So, I got pulled over by the Facebook police the other day. They let me go with a warning but if my behavior continued my account would be suspended. Apparently, the word "kidnap" is not allowed in the Facebook world and just using it will trigger all sorts of mayhem. I was commenting to someone that they better be careful or we would kidnap them and all hell broke loose. Messages, deletions, warnings, followed by a list of rules. And this did not just happen for that one day, the warnings continued multiple times over the next few days. So be warned, if we are thinking of kidnapping you, we will not post it on Facebook first!
You know how I said the other day that the sound of rain on the roof of the camper was so peaceful and relaxing? Well, after 36 hours of it I think Barb was getting ready to go all Glenn Close on me. It's a good thing we did not have a pet rabbit in the camper or we might have had hasenpfeffer for supper!
As such, we did not get out on any long hikes during this rainy period. We did drive around a lot and got in some smaller hikes when the rain stopped or just slowed down to a drizzle. Barb had read that there was a shipwreck on the shore about 30 minutes north of Berry Hill Campground so we headed up there to check it out. The S.S. Ethie (click that link for a very interesting story about the ship) ran aground on December 11th, 1919. The steamship was powered by both steam and sail when she got caught up in a storm risking the lives of all aboard. It is hard to believe that over 100 years later the saltwater has not eaten all that remains of her.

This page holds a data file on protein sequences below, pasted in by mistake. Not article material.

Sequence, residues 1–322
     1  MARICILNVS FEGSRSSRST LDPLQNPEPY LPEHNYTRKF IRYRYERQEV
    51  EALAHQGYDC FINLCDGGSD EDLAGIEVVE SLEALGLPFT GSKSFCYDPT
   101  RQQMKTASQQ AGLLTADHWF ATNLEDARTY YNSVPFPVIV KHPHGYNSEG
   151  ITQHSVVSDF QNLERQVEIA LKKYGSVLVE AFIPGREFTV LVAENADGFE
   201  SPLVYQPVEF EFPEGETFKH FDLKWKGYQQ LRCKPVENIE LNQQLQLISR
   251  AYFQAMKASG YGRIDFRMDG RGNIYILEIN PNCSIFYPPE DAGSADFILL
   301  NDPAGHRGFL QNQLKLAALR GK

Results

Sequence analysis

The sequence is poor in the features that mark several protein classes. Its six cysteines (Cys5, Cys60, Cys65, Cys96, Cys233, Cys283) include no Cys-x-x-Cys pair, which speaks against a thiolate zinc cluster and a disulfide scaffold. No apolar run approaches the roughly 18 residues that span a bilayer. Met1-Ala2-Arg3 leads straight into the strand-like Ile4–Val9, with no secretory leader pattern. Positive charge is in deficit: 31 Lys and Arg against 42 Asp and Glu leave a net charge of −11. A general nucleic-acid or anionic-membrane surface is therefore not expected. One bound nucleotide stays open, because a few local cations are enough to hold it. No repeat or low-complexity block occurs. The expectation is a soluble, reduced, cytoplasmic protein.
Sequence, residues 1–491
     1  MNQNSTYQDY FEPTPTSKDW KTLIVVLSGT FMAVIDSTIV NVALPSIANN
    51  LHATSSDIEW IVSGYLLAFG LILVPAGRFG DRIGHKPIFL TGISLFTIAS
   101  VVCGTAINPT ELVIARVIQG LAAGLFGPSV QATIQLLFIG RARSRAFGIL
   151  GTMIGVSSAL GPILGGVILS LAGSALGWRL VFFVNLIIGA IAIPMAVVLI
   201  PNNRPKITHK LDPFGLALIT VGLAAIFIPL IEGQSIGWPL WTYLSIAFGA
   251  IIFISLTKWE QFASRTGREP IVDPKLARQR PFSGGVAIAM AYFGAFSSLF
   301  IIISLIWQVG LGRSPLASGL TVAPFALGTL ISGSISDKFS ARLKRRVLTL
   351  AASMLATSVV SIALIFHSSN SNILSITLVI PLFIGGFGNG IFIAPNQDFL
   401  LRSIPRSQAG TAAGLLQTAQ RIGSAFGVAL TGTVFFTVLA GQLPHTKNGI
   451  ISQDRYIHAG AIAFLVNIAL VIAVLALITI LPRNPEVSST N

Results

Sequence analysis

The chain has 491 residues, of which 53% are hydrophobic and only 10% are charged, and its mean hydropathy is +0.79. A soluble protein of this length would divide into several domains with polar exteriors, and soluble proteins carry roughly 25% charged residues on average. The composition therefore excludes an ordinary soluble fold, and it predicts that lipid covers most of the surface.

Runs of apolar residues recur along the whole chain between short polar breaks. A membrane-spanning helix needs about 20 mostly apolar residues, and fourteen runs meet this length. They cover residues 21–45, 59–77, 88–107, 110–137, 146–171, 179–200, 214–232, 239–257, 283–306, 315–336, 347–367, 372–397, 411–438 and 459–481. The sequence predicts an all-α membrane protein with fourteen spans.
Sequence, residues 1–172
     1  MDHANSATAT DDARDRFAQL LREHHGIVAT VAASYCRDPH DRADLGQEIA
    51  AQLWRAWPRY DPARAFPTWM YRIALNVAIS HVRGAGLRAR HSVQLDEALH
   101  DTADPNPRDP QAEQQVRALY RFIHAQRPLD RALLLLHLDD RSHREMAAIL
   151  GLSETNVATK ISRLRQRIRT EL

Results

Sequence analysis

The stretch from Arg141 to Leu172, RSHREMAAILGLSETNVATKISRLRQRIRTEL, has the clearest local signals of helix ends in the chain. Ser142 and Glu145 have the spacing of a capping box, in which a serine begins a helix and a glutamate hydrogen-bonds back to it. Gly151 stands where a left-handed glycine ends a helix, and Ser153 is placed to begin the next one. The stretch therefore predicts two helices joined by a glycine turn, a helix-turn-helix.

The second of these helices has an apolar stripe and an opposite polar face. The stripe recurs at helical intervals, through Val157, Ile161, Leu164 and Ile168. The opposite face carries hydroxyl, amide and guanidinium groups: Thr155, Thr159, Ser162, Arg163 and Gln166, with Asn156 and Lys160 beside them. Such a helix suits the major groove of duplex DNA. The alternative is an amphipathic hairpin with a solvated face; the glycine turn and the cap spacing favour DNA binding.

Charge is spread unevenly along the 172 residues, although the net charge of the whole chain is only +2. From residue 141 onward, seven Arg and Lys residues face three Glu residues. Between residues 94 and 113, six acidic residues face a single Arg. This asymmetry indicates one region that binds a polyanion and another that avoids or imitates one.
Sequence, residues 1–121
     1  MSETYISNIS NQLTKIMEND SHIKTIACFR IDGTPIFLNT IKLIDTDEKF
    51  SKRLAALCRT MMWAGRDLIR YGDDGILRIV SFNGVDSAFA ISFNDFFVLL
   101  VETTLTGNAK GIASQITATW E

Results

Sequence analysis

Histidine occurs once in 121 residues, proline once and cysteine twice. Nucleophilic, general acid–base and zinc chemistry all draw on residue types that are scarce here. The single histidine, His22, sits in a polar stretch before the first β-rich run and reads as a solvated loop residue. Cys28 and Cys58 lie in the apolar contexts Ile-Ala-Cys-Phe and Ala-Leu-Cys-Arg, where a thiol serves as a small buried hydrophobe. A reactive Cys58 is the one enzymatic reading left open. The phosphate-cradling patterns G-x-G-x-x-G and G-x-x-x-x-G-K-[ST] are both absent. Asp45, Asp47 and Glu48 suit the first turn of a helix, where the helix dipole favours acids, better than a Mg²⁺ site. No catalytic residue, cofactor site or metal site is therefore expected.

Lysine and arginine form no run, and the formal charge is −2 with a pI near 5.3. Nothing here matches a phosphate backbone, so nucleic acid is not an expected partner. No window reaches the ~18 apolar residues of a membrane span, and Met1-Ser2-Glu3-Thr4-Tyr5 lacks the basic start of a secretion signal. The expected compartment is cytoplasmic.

The shoreline is littered with the wreckage for several hundred yards in each direction. The rains really brought out the colors and variations in the rocks and made for some beautiful pictures.
On the way back, there was a lull in the rain so we decided to take the dogs for a 4k walk around a pond. The trail was a combination of paths and boardwalks. At one point Zoey jumped off the boardwalk into a water puddle that ended up being more of a mud hole. She was a mess but happy!
Later on the trail we came across a woman taking pictures of a plant. We stopped and talked to her and she said that the plant was a Pitcher Plant, the Provincial Flower of Newfoundland. She went on to say that it was actually a carnivorous plant, insects would crawl into the "pitcher" (on the bottom of the plant) and are trapped, and would be consumed by the plant. Who knew?!?!
Then it was off to Lobster Cove Head Lighthouse. It was raining again so we left the dogs in the truck and walked around the area ourselves.